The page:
fat, elderly man with a big “opu” struggling helplessly on his wet, slippery and unruly board, “learning how."
After a
little practice on the small Cornucopia Surf, near the raft, these novices soon venture out into the big Canoe Surf; proudly confident, they are usually in everybody's way until they have learned to look out for themselves and others.

Many women and girls among the
tourists get the Hawaiian boys to drag
them on their boards, out through the surf, give them a shove and they joyously ride in on the small surf near shore, receiving many a thrill while their proud friends and relatives watch excitedly from the Moana pier and snap pictures of these surfing belles.

"The most exhilarating and exciting sport
in the world”
Only about three mahinis (women or girls) have as yet become experts at this difficult game, as it means hard work, tenacity of purpose and grit.
Yet surely
the gloriously exhilarating excitement and the proud feeling of doing the unusual will more than compensate for the work of learning how.

anyone is troubled with ennui or a liver, take up the fad of surf-riding and soon you will feel like one of the kings of the earth.
Surfing is the best exercise for muscular development and a fine exercise for competitive swimmers, as it develops the arms and shoulder muscles.
Duke Ka
hanamoku, one of the world's greatest swimmers, owes his superb physical development to the fact that before he became a champion swimmer he used to almost live on his surf-board.

The ideal place to surf is at Waikiki,
While the surf in other places
is not as fine for surfing as in the islands, yet it is quite possible for this sport to become popular in other parts of the world.
Duke Kahanamoku gave
exhibitions of surf-board riding in Australia and also at Atlantic City, N.J.; which aroused great interest. Since then a few good swimmers have been trying it out in those places.

In the States, along the coasts, the
problems of surfing are very different from Honolulu.
The surf must be
studied and the weight and size of the boards experimented with.

George Freeth, an expert rider from
Honolulu, is the only one to ride successfully the California surf.
Many times at
Redondo Beach and other beach resorts near Los Angeles he has demonstrated that the surf in these places can be ridden.
The average size of a board used at Honolulu is about eight feet long by two feet wide and two and a half or three inches thick, weighing from sixty to eighty pounds.
The board is widest

Page 14

at a point two feet back from the bow, and tapers to about eighteen inches at the stern.
The upper part is flat and the under side rounded, being thickest just in front of the middle and tapers towards the bow and stern, at which points the board is from half an inch to an inch thick, being thinnest at the rounded bow.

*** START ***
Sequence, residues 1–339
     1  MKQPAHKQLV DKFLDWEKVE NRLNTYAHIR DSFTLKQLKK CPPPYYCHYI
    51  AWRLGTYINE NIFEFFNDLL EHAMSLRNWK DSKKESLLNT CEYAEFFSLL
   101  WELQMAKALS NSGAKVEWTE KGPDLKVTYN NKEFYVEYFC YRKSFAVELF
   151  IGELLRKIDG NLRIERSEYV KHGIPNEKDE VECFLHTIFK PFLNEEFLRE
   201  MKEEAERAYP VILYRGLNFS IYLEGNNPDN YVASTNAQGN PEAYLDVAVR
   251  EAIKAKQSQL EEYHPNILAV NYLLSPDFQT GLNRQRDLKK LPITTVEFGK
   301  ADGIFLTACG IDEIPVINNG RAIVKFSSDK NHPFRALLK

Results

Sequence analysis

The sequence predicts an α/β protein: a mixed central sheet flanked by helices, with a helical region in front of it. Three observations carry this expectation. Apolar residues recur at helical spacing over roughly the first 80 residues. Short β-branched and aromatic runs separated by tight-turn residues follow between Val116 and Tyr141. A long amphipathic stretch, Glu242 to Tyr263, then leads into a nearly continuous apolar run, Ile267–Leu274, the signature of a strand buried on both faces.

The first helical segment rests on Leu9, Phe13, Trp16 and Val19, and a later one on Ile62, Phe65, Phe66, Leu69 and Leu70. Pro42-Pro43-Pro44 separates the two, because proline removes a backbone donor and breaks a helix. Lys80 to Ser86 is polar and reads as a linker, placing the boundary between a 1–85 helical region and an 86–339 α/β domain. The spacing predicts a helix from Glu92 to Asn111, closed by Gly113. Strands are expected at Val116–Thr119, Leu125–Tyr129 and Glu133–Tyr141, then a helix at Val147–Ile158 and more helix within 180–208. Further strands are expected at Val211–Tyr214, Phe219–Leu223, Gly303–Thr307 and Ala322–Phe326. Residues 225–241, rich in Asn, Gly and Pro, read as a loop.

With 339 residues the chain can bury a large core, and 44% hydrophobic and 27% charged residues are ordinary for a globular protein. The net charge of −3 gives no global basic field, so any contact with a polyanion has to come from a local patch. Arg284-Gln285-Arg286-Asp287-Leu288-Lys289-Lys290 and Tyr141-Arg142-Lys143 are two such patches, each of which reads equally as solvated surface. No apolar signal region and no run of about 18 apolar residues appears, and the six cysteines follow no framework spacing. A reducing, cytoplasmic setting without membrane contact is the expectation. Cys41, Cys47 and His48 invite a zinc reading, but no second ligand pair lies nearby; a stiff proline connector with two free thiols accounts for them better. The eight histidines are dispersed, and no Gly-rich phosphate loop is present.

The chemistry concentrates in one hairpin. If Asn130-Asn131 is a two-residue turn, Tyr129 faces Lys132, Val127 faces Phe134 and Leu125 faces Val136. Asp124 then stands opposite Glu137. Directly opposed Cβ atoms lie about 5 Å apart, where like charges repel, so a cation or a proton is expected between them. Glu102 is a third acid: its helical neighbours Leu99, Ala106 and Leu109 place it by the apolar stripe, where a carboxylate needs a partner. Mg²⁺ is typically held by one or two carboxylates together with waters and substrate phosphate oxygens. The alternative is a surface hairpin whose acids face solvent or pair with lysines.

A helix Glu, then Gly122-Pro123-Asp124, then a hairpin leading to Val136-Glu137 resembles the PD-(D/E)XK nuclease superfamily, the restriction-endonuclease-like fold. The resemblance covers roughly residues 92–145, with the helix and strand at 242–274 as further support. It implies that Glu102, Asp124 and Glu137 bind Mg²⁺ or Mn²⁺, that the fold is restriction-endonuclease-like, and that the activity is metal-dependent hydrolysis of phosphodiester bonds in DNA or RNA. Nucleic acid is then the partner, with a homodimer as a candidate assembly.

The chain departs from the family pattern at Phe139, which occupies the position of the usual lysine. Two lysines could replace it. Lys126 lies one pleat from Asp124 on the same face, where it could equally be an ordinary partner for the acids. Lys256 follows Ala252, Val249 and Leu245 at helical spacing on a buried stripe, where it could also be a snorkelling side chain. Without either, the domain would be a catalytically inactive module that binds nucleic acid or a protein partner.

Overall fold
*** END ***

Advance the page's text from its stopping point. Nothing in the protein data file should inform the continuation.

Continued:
It is also rounded off towards the sides, leaving no sharp edges.

These boards are made from sugar pine or California redwood.
They are either shellacked or varnished with valspar, to keep them from becoming watersoaked.

The first thing you learn is how to paddle your board.
This is mostly a question of balance.
You lie on the board face down, being careful that the weight of your body is along the middle of the board.

"On these the surf-riders
are seen merrily riding."

Have the nose of your board a little out of the water, then paddle with the over-arm, swimming movement, or better still, use both arms at the same time.
Go out to where the water is deep and the surf is breaking with some "pep."

There are several ways of getting yourself and board through the surf with least resistance.
When you see a. wave coming point your board straight at it; hoe (paddle) as hard as you can, duck your head, and hang on, and through you go.
When you encounter very big surf, the best way is to slip off your board to one side (never at the stern); grasp it with a hand on each side near the end, then just as the wave is about to strike you take a deep breath, duck under your board and shove it through the wave.
By all means hang on, unless you are anxious for a long practice swim shoreward.
Don’t try this way in shallow water. .

Where to surf and how to choose the right waves to ride in on is a matter of experience.
Never try to ride a double wave.
The waves roll in three or four at a time; the third is usually the strongest and will give one a longer ride providing one has the luck to ride it successfully.
A novice should never try to ride the very big surf, as this is dangerous.
While waiting for the waves, sit astride the end of your board.
To guide it you paddle with your hands. If you don't wish to ride a wave, point your board shoreward, sit as far back as possible, and tip the board up a little, then the wave will go over you.